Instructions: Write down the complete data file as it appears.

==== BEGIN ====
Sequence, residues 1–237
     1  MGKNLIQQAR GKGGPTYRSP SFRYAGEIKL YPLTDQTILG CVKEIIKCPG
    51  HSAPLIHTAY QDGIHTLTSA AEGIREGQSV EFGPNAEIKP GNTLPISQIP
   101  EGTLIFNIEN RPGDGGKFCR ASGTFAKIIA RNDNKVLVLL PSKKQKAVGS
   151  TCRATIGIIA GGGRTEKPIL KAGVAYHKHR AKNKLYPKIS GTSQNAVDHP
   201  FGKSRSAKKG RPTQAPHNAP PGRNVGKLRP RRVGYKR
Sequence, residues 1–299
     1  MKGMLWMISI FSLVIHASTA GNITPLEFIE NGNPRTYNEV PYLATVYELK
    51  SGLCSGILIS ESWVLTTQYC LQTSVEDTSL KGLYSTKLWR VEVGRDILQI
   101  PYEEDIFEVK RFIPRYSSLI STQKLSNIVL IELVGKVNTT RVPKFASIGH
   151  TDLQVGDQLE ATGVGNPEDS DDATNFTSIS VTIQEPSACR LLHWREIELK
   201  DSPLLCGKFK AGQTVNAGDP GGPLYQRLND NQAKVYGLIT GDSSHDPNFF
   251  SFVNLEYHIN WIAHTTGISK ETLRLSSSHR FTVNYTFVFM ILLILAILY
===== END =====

Sequence, residues 1–237
     1  MGKNLIQQAR GKGGPTYRSP SFRYAGEIKL YPLTDQTILG CVKEIIKCPG
    51  HSAPLIHTAY QDGIHTLTSA AEGIREGQSV EFGPNAEIKP GNTLPISQIP
   101  EGTLIFNIEN RPGDGGKFCR ASGTFAKIIA RNDNKVLVLL PSKKQKAVGS
   151  TCRATIGIIA GGGRTEKPIL KAGVAYHKHR AKNKLYPKIS GTSQNAVDHP
   201  FGKSRSAKKG RPTQAPHNAP PGRNVGKLRP RRVGYKR
Sequence, residues 1–299
     1  MKGMLWMISI FSLVIHASTA GNITPLEFIE NGNPRTYNEV PYLATVYELK
    51  SGLCSGILIS ESWVLTTQYC LQTSVEDTSL KGLYSTKLWR VEVGRDILQI
   101  PYEEDIFEVK RFIPRYSSLI STQKLSNIVL IELVGKVNTT RVPKFASIGH
   151  TDLQVGDQLE ATGVGNPEDS DDATNFTSIS VTIQEPSACR LLHWREIELK
   201  DSPLLCGKFK AGQTVNAGDP GGPLYQRLND NQAKVYGLIT GDSSHDPNFF
   251  SFVNLEYHIN WIAHTTGISK ETLRLSSSHR FTVNYTFVFM ILLILAILY